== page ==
It’s hard for me to delegate because it’s hard for me to let go.
As a parent, it’s easier for me to just do something than to give my kids a shot at it. As a leader, it’s more comfortable for me to hold on to a task I know I can do well, than to delegate it to someone else.
Come to think of it, learning to delegate effectively is a walk of faith. [ See my post The Secret to Living by Faith ] So I guess it’s appropriate that we talk about it here at FaithWalkers.
Lessons from Jethro
I stumbled across the first significant account of advice in the Bible on how to delegate in Exodus 18 this morning. Michael Hyatt covered this topic not long ago, using this very story of Moses and his father-in-law Jethro as an example. I highly recommend reading his post and listening to his podcast when you’re done here.
The Biblical account tells us that Moses had just led the Israelites — perhaps as many as 2 million of them — out of Egypt in a stunning display of God’s faithfulness and power. He then tried to act as a judge for all the conflicts that arose between them. Not good. When his father-in-law Jethro showed up, he promptly pulled Moses aside and told him he needed to do one thing: delegate. (I’m thinking he didn’t want all the grandkids moving back in with him after their dad burned out. But I digress.)
Fortunately, Moses listened to his father-in-law’s advice before he burned out. He needed to spend as much time as possible in his strengths zone — his sweet spot, if you will. His leadership was needed as a visionary and pastoral guide, not as an adjudicator in small claims court.
Follow the 80/20 Rule
When it comes to learning how to delegate in life and leadership, I have found John Maxwell’s application of the 80/20 principle to be helpful. If you can find someone to do something 80% as effectively as you can, let them do it. Your goal should be to only do what only you can do.
Now, we will never fully arrive at this point. And the standard will be constantly changing because life is constantly changing. But if we make it our aim to off-load anything that someone else can do at least 80% as well as us, we’ll be headed in the right direction.
But let’s face it, letting go to delegate can test our faith. It’s an act of trust in others — and we’ve all been burned by others before.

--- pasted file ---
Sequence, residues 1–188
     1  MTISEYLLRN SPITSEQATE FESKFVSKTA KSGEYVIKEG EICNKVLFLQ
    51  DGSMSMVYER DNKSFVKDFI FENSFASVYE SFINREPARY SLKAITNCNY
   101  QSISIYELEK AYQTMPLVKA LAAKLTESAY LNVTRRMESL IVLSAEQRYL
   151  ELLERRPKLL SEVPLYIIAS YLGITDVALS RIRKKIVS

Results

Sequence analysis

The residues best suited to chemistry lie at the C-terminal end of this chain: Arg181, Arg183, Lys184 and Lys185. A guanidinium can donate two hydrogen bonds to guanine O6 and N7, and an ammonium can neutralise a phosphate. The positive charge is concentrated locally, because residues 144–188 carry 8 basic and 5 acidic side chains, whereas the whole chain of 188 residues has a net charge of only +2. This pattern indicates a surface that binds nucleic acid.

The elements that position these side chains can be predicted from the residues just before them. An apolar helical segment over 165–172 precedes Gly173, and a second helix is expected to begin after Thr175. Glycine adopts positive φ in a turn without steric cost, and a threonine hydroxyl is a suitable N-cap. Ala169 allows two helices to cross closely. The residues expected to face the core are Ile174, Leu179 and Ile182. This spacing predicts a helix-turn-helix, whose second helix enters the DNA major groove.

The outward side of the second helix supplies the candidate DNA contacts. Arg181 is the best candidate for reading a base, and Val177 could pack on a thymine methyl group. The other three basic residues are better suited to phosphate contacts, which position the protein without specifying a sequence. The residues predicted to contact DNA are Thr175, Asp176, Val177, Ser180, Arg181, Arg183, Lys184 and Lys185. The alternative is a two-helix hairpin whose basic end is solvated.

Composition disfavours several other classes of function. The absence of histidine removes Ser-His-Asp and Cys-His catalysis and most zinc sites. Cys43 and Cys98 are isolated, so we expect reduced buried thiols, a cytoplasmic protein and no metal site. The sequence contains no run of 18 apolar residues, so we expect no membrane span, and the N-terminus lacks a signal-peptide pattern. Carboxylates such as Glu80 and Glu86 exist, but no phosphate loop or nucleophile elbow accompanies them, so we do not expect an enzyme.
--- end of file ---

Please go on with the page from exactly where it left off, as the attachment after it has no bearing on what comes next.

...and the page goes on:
5 Tips to Delegate Like a Pro
Here are five tips I have learned to help delegate more effectively. I highly suggest perusing more at Hyatt’s site, as well.
- Choose wisely. Most of us fail in our delegating efforts before we begin by handing off projects to people with little to no track record of getting things done. Truth be told, we’re just happy to have it off our plate — until we discover it never got done. Then we’re in an even deeper hole. Think of choosing a helper like voting for a politician. Look at what they’ve done and not what they say they will do.
Check in early. Once you’ve been clear about the directions for the task, set up a time to check in early in the process. When someone is headed off course, it’s best to know sooner rather than later. I find a quick check at the 5-10% mark can alleviate a whole lot of hurt later. When I served as a school administrator, I always encouraged my teachers to let kids start on homework [ See my post Why Schools Should Get Rid of Almost All Homework ] while still in class for the same reason. This way teachers could give immediate feedback and spare parents and kids alike a lot of headaches that night.
Check up regularly. We all work better when we’re held accountable, even if we chafe at the thought of it. As Victor Kiam put it, “Procrastination is opportunity’s assassin.” [ Tweet this! ] Truth be told, we all tend to think we have more time than we really do. Knowing that we must give an account on a regular basis keeps us focused, on schedule, and minimizes surprises.
Plan a margin. Speaking of minimizing surprises, the key word is minimize and not eliminate. Surprises will happen. But here’s a neat trick to get accurate time estimates from others that I learned from project management gurus. From those to whom you will be delegating, ask for three time estimates as to how long it will take them to complete the work. Ask for 1) best case scenario where everything goes right, 2) worst-case scenario where Murphy’s Law wreaks havoc on all, and then, given those two potential extremes, 3) the most likely time estimate. Believe it or not, the psychological process of letting them give both best and worst options first means that the final number will be pretty reliable. Uncannily so. You can then plan a margin for error yourself based on that reliable estimate.
Reward a job well done. If the task is done to specs, don’t fail to quickly fulfill your end of the deal. Whether its dinner, a hug, heartfelt thanks or a paycheck, be prompt in delivering it. It’s too easy to forget to follow through once you gotten what you want.
Which of these tips did you find most helpful? What other tips for learning how to overcome our fear and delegate have you learned? Share your thoughts with a click here.